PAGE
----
My Review of "The Myth of an Afterlife"

Discussion in 'Consciousness & Science' started by Ian Wardell, Apr 11, 2018.

  1. Ian Wardell

    Ian Wardell New

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    nbtruthman
    Umm . . our psychological states -- beliefs, desires, expectations etc -- will "gravitate" us towards a suitable body maybe.

    If it's an explicit choice I'll choose to be born to parents who are both rich and loving. I'll also choose to be good looking, intelligent, enigmatic, mysterious, outgoing, and strangely alluring. And I'll choose to be born male, in the west, in idyllic countryside.

    But doubt it's an explicit choice as such. What makes you think it is? And your notion we choose to forget is somewhat implausible.
     
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  2. Ian Wardell

    Ian Wardell New

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    Pleased you liked it! No point in reading the shorter version if you've read the longer. Part of the reason why I produced a short version was so it would fit on Amazon. Keith Augustine (the main contributor), is not thrilled with my review. He makes some comments below my review:

    https://www.amazon.com/gp/customer-...=cm_cr_othr_d_rvw_ttl?ie=UTF8&ASIN=B00UV3VFW8
     
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  3. Ian Wardell

    Ian Wardell New

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    Just reading article now. Got to this part:


    //Many of us don't realize the connection between memory and self, [Pribram] explained. Who you are is the sum total of all that you've experienced. Where you went to school, who your friends were, all the things you've done or -- just as importantly -- all the things you've always hoped to do//.

    Materialist alert! I think this is complete nonsense. Memories will have an immense influence on behaviour, but they do not constitute the self.
     
  4. nbtruthman

    nbtruthman New

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    As far as I am concerned, if whatever survives when physical death comes doesn't have my then present memories and ego and personality, so be it - but this isn't a form of "survival" worthy of the term.
     
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  5. dpdownsouth

    dpdownsouth Member

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    Yeah, it's a long winded article... your quote is part of the scene setting.... the author then meets his friend from that materialistic college class, his friend having suffered from a memory erasing tumour, and finds him to still, despite the memory loss, be intrinsically the same person, contradicting the college lecturer's assertion that memories make the self. Ta-dah!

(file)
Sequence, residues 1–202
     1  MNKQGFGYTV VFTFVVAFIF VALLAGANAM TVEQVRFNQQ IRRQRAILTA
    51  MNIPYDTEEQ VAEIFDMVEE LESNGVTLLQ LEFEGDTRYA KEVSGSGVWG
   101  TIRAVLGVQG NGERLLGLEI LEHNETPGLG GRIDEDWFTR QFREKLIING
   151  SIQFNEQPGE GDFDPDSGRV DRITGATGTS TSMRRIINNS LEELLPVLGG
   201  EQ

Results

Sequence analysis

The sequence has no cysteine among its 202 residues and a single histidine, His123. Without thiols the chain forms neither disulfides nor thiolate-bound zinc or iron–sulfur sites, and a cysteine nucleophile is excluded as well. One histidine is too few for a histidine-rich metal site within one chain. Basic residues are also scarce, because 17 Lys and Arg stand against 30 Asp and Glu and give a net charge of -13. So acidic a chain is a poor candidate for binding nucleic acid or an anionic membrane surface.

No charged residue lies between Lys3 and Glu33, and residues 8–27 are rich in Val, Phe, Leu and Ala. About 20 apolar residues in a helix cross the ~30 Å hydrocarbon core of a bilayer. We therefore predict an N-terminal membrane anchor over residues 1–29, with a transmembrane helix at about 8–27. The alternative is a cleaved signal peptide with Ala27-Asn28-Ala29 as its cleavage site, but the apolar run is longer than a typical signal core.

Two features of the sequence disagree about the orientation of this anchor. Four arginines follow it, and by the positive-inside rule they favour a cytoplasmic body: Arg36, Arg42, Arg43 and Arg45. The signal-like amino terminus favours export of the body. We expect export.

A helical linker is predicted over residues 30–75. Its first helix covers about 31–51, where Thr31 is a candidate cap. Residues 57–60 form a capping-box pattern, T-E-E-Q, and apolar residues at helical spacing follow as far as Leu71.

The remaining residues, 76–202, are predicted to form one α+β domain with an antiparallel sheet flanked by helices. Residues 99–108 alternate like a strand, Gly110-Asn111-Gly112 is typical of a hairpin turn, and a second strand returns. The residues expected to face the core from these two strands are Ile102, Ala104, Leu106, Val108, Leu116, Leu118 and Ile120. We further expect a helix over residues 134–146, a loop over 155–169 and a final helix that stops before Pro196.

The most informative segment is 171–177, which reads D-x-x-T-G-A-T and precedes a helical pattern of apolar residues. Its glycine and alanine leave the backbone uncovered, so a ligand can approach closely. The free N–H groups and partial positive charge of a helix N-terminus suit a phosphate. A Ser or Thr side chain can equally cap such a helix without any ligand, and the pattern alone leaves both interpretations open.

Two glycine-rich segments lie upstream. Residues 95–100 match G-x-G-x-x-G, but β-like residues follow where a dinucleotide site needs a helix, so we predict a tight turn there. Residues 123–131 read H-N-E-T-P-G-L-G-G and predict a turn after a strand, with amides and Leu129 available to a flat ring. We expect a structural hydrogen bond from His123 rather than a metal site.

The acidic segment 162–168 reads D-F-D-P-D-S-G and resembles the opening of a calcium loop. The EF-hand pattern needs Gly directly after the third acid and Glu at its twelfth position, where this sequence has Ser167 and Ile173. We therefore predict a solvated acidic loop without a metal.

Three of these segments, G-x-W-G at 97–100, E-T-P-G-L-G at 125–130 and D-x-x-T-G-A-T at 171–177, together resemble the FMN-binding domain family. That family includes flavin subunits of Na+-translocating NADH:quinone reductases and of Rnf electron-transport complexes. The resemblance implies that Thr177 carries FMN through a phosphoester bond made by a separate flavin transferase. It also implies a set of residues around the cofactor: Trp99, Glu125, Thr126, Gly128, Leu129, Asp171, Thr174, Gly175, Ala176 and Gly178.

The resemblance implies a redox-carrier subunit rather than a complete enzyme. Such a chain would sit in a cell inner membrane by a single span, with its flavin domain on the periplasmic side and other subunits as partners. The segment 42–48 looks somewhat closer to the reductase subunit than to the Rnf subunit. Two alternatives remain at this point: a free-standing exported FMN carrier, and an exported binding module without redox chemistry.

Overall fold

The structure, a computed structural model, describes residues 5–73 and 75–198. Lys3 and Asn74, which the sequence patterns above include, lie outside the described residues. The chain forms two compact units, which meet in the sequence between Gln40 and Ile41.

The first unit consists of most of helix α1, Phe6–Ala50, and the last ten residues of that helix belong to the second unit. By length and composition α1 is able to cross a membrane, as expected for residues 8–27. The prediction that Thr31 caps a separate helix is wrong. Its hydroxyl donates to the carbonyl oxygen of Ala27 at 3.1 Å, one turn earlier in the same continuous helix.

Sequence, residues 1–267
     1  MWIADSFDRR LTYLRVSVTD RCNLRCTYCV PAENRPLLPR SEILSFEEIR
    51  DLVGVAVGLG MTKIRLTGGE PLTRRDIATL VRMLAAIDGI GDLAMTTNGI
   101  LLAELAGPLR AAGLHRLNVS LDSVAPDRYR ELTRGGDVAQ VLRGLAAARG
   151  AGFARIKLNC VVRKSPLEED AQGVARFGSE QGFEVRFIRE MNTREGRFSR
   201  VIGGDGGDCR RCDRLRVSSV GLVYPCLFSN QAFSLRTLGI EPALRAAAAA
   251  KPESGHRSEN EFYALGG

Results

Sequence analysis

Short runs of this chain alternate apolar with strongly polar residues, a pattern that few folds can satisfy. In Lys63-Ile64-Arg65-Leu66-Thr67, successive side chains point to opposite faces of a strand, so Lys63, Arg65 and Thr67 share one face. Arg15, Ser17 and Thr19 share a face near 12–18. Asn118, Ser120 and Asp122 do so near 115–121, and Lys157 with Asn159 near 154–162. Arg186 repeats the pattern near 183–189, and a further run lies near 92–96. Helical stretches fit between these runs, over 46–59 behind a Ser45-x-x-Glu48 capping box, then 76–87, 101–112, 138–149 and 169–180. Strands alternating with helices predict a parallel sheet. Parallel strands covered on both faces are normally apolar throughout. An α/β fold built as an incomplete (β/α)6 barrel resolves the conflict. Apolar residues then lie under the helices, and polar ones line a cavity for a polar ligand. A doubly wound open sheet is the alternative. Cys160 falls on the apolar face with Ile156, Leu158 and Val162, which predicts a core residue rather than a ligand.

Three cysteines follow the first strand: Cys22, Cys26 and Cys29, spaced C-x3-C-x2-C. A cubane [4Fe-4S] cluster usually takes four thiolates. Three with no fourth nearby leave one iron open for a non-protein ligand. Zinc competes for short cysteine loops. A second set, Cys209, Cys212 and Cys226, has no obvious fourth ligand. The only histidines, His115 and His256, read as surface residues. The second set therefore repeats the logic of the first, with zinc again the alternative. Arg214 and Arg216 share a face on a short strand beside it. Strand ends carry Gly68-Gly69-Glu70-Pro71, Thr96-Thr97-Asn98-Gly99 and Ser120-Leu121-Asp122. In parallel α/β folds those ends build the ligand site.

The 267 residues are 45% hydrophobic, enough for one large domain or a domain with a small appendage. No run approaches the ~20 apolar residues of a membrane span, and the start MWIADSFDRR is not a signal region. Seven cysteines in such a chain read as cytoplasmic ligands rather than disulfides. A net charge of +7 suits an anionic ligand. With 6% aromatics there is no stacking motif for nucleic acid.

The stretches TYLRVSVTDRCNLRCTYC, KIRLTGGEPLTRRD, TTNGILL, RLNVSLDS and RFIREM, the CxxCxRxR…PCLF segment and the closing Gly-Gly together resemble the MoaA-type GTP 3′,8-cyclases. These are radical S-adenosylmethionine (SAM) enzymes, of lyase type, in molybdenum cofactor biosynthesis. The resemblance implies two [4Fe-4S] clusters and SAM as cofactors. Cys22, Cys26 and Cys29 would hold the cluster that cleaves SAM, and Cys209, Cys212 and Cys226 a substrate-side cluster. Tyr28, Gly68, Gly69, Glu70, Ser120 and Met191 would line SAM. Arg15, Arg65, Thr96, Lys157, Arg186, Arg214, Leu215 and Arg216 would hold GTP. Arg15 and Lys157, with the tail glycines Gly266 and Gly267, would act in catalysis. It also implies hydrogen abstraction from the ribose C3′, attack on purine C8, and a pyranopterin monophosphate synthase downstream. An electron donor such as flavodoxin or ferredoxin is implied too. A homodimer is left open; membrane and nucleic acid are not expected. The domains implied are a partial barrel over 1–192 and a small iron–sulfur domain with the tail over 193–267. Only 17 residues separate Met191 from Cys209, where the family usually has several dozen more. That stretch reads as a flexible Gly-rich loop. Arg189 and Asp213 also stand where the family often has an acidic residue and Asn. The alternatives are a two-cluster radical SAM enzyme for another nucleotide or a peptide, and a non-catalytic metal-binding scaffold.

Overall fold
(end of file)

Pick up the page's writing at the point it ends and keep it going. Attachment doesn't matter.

Last edited: Apr 18, 2018
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  6. Ian Wardell

    Ian Wardell New

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    I don't regard this materialist conception of the self as tenable. See my 13,000 word review.
     
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  7. Larry

    Larry Member

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    I think that's a good point. I also surmise that memory is state specific and that our state of consciousness after death as well as in some non ordinary states affords us access to memories which allow us to see a bigger picture of many lives and a larger purpose which relativizes but includes our present ego identity.
     
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  8. Ian Wardell

    Ian Wardell New

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    Just to be clear, I don't disagree with this though. I assume we will retain our memories, and indeed conceivably we might remember everything that has ever happened to us across all lives. Also the self after death might incorporate all of our past mind states. My conception of the self/soul does not preclude the self/soul being able to manifest at whatever age he or she likes in the afterlife realm(s). This will include one’s personality just before death. Nevertheless, our particular personalities, intelligence and so on immediately prior to death are not special compared to any other age. (the last 3 sentences here I originally had in my 13,000 review, but decided the review was getting way too long so missed out that part).
     
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  9. nbtruthman

    nbtruthman New

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    You get out of engaging my little thought experiment or extreme example by suggesting that the soul really doesn't have a choice - it's attracted and compelled automatically in some way to "compatible" or even "needed" next physical lives. Maybe so, but there are a lot of channeled and other teachings, and between-lives hypnotic regressions, that claim otherwise. In the hypnotic regression state the patient experiences a "between lives" existence, as reported by the hypnotized subjects of Michael Newton, Brian Weiss, and others. Because he has been regressed to a stage before birth - that is, before the current personality came into existence - he is now apparently identifying with the oversoul.